Before my identity as Rabbi, there was my identity as Photographer. For many years now my days (and nights) have been filled with words – the reading, writing, interpreting, and editing thereof. But there was a long period when photography was at the center of my place in the world.
I became a photographer in high school and photography remained at the center of my experience in college as well. After college I worked in the photo lab and visual department at Kiryat Moriah in Jerusalem, and then studied photography at Camera Obscura in Tel Aviv. Though I had had stray thoughts about rabbinic school since age 10, they stayed on the back burner and I returned to New York to for graduate school in Fine Arts in a program specializing in photography.
I loved printing almost as much as I loved the taking of photographs: the smells, the equipment, the math, the artistry, the power to coax forth magic out of shadows and percentages of light. And I loved it equally – the hands-on aspect of black and white printing on rich, velvety matte stock, and the more mechanized color printing, turning dials to achieve evocative, deeply saturated yellows and blues, creating drama and stories from shades and hues. Photography was a language I understood, a way of speaking truth into the world.
The program offered only one class in digital, this being 1988-1992, and none of us took it seriously. We were studying with master printers and artists – digital photography seemed irrelevant, even boorish. But when I got pregnant with my first child, I stopped printing. Worried about the toxicity of the chemicals, I stepped out of the darkroom and never went back in. Around the same time I made the decision to apply to rabbinic school. Photography receded into the background. Between school and my children and working, I had little free time to begin with, and what spare time I had cam to be used for writing. Writing required no equipment (other than a computer) or chemicals, and could be done at any hour of the day or night. There were no chemicals to buy, no darkroom time to rent, or schedules to work out.
For years my photography has been limited to family pictures and shots that could be used in books I was editing. I have never taken the time to learn Photoshop – I rely on the designers I work with to do that for me. That girl rollerblading on Yom Atzmaut in the curriculum about Israel? That’s my photograph. The plate of kubbe in the Jewish history textbook? That’s mine. The photo of a family on the cover of a book about synagogues? Yup, mine. The photos used for the posts on RavBlog – yes, often those are mine too.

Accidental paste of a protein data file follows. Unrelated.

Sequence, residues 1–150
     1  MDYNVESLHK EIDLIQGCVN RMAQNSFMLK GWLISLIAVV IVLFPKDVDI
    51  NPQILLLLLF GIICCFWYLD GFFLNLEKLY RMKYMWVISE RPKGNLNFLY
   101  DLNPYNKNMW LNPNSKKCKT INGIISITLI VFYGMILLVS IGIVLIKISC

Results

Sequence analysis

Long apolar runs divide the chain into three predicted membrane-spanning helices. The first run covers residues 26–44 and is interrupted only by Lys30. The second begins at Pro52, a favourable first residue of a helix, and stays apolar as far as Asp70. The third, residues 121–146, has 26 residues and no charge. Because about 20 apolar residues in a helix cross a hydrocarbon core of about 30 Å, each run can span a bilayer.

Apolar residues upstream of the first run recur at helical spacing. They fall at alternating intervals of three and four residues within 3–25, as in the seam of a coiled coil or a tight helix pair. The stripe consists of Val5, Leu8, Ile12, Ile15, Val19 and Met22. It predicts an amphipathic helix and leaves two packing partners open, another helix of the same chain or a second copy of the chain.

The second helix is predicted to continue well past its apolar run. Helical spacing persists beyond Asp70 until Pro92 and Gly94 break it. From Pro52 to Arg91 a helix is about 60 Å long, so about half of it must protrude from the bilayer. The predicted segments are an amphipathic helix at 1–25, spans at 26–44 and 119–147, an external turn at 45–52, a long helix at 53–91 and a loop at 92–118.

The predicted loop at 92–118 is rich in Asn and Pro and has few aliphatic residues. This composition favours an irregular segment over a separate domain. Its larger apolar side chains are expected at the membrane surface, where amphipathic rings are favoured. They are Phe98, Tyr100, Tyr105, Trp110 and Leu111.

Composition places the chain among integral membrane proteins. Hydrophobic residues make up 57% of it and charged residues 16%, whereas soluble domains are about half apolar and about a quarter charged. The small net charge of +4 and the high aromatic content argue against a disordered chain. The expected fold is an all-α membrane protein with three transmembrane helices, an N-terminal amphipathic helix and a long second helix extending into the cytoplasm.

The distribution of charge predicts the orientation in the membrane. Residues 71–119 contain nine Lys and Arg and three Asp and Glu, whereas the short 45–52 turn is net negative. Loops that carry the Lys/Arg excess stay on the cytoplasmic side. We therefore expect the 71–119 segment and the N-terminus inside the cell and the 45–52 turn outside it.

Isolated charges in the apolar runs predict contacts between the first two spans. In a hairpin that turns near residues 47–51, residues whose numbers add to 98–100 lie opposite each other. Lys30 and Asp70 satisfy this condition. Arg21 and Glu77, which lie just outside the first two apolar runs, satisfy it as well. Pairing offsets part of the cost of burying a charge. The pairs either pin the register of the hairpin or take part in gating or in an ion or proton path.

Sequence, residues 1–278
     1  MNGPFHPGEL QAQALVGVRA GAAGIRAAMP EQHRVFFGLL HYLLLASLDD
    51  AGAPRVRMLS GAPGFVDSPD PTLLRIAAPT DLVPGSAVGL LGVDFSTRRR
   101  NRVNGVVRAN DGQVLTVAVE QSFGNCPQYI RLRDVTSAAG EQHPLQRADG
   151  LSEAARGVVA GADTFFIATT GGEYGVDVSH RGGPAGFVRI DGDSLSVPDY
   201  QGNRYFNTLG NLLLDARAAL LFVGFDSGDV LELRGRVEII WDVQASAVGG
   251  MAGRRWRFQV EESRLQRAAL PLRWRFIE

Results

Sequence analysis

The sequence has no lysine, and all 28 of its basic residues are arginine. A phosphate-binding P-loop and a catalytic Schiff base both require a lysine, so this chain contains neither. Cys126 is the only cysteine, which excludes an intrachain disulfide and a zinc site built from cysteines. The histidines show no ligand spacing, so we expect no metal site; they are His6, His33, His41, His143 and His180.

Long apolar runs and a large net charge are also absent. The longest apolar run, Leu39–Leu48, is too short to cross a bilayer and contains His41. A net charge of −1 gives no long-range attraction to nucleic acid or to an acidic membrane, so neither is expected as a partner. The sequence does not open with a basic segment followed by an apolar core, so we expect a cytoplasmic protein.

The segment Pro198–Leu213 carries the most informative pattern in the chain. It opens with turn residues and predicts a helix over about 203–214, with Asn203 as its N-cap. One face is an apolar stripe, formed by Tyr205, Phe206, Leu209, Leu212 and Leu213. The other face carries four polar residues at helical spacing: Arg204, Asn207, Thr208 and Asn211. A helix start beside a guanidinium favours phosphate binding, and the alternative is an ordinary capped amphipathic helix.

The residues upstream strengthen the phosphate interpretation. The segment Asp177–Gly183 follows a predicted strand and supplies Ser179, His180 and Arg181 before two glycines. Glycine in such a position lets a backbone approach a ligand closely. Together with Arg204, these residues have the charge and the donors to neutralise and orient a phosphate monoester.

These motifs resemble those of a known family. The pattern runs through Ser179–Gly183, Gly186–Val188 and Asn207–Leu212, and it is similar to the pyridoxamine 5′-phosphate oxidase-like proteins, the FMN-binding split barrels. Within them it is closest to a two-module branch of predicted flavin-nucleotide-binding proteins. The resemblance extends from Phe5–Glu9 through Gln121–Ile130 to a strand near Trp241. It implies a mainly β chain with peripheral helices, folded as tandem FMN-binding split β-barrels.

Eventually I made the switch to digital because, after all, it’s so much easier and more practical. And then about eight months ago my son encouraged my to try Instagram. It sounded like a silly waster of time – why in the world would I need one more form of social media?
Turns out he was on to something. Through this silly app called Instagram, I’ve found a way, however circumscribed, to reconnect to photography. The filters give me some small amount of control over the image – not like when I did my own printing, but more than I’ve been able to achieve for a while.
These photos I’m taking on Instagram have been a way to re-access visual language. But actually it’s more than just that. These little squares of images enable me to express a form of spontaneous awe and gratitude. They’re my modah ani – a daily reminder that life can be beautiful and sweet, and that I have much to be thankful for.
These beautiful sunsets, the snow on the tree in front of my house, or the sunflower at the farmer’s market verge on cliché – I know that. They’re not the masterpieces that I aspired to in art school. These cell phone lacks the mastery of photos taken on my battered old manual Nikon or Leica. But they have become a way of reclaiming my old practice of experiencing the world visually, while also enabling me to savor splendor.
I have much to be grateful for, and my struggles are certainly fewer than those of many, many others. Yet life constantly surprises all of us with challenges that lay heavy on our souls. Sometimes it’s hard to look beyond the everyday pain or the quotidian slog of living. Like everyone, I have my share of stress and worry and heartache.
My Instragram images are my form of Heshel’s radical amazement, a visual response to the daily blessings. It’s an easy and do-able way, within the parameters of my life, to truly see the world. Wherever I am, and whatever I’m doing, if beauty or wonder jump outs at me, I can respond. These photos have become part of a spiritual practice that grounds me and reminds me that not all is difficult, not all is complicated – that joy and amazement exist if I take a moment to look around me and see.